Although the exact ways phosphatidylcholine benefits the brain and cognitive function are not fully understood, experts suggest it may that the nutrient supports brain membranes, contributes to the production of neurotransmitters that promote and support cognition, or reduce inflammation in the brain. In any event, dietary sources of phosphatidylcholine include egg yolks, raw organic dairy, wheat germ, cruciferous vegetables, and meat.
Be sure to add a lot of these foods to your diet every day to keep your brain young.
[Editors Note: When choosing supplements for Omega’s and Magnesium our favorites are Barlean’s and Natural Vitality (respectively).
And when it comes to green or any tea, we love a cup of Bigelow Tea.]
References Alban D. EGCG and L-theanine: Unique brain boosters in green tea. Be Brain Fit Boespflug EL et al. Enhanced neural activation with blueberry supplementation in mild cognitive impairment. Nutritional Neuroscience 2017 Feb 21:1-9 Brickman AM et al. Enhancing dentate gyrus function with dietary flavanols improves cognition in older adults. Nature Neuroscience 2014; 17:1798-1803 Canhada S et al. Omega-3 fatty acids’ supplementation in Alzheimer’s disease: a systematic review. Nutritional Neuroscience 2017 May 3:1-10 Desideri G et al. Benefits in cognitive function, blood pressure, and insulin resistance through cocoa flavanol consumption in elderly subjects with mild cognitive impairment. Hypertension 2012; 60:794-801 Dietz C, Dekker M. Effect of green tea phytochemicals on mood and cognition. Current Pharmaceutical Design 2017 Jan 5 Krikorian R et al. Blueberry supplementation improves memory in older adults. Journal of Agriculture and Food Chemistry 2010 Apr 14; 58(7): 3996-4000 Li W et al. Elevation of brain magnesium prevents synaptic loss and reverses cognitive deficits in Alzheimer’s disease mouse model. Molecular Brain 2014 Sep 13; 7:65 Veronese N et al. Magnesium status in Alzheimer’s disease: a systematic review. American Journal of Alzheimers Disease and Other Dementias 2016 May; 31(3): 208-13 Yue Y et al TMDB: A literature-curated database for small molecular compounds found from tea. BMC Plant Biology 2014; 14:243 Zamroziewicz MK et al. Inferior prefrontal cortex mediates the relationship between phosphatidylcholine and executive functions in healthy, older adults. Frontiers in Aging Neuroscience 2016 Sep 28; 8:226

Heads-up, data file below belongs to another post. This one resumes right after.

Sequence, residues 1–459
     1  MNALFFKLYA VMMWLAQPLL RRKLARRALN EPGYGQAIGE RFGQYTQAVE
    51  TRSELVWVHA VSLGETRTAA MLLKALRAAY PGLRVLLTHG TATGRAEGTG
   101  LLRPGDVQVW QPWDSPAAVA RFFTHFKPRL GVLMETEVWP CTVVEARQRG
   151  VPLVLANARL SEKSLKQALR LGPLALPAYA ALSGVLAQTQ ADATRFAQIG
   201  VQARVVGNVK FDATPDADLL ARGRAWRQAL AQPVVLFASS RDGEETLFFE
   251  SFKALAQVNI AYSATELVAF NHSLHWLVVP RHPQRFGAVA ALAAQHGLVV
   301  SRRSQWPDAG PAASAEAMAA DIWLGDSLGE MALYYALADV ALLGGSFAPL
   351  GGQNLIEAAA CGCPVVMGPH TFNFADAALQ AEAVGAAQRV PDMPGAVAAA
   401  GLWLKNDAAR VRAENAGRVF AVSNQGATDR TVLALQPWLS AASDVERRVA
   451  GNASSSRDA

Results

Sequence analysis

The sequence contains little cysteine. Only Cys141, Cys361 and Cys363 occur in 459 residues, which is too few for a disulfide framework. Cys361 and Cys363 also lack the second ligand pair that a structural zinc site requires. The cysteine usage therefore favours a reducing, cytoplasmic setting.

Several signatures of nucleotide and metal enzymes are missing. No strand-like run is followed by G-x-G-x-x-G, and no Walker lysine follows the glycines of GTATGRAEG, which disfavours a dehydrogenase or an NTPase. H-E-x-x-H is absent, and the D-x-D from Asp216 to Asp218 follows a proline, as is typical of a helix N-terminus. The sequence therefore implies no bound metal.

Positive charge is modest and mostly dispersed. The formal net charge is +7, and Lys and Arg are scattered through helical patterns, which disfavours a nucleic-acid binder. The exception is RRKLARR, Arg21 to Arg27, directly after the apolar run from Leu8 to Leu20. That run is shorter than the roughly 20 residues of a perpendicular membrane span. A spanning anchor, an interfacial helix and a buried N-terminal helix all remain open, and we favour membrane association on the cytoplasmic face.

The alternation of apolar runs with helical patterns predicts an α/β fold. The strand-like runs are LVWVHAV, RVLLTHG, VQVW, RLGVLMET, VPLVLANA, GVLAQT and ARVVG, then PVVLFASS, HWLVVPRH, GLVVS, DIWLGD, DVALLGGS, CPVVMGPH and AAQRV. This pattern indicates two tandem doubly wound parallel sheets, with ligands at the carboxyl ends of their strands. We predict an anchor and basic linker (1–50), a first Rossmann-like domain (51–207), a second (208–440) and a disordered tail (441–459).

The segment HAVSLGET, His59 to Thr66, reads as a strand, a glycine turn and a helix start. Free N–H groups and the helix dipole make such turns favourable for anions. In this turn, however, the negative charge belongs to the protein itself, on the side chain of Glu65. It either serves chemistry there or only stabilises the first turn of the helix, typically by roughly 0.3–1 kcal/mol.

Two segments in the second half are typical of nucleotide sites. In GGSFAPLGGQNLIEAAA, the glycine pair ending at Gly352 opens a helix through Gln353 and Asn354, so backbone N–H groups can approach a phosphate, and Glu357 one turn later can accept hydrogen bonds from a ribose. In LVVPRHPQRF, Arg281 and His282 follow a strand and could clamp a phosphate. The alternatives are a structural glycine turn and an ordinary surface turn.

Dark chocolate is loaded with nutrients that can positively affect your health.
Made from the seed of the cocoa tree, it is one of the best sources of antioxidants on the planet.
Studies show that dark chocolate (not the sugary crap) can improve health and lower the risk of heart disease.
1. Dark Chocolate is Very Nutritious
If you buy quality dark chocolate with a high cocoa content, then it is actually quite nutritious.
It contains a decent amount of soluble fiber and is loaded with minerals.
A 100 gram bar of dark chocolate with 70-85% cocoa contains:
11 grams of fiber.
67% of the RDA for Iron.
58% of the RDA for Magnesium.
89% of the RDA for Copper.
98% of the RDA for Manganese.
It also has plenty of potassium, phosphorus, zinc and selenium.
Of course, 100 grams (3.5 ounces) is a fairly large amount and not something you should be consuming daily. All these nutrients also come with 600 calories and moderate amounts of sugar.
For this reason, dark chocolate is best consumed in moderation.
The fatty acid profile of cocoa and dark chocolate is excellent. The fats are mostly saturated and monounsaturated, with small amounts of polyunsaturates.
It also contains stimulants like caffeine and theobromine, but is unlikely to keep you awake at night as the amount of caffeine is very small compared to coffee.
Bottom Line: Quality dark chocolate is rich in Fiber, Iron, Magnesium, Copper, Manganese and a few other minerals.
2. Dark Chocolate is a Powerful Source of Antioxidants
Have you ever heard of a measure called ORAC?
ORAC stands for Oxygen Radical Absorbance Capacity. It is a measure of the antioxidant activity of foods.
Basically, researchers pit a bunch of free radicals (bad) against a sample of food and see how well the antioxidants in the food can “disarm” them.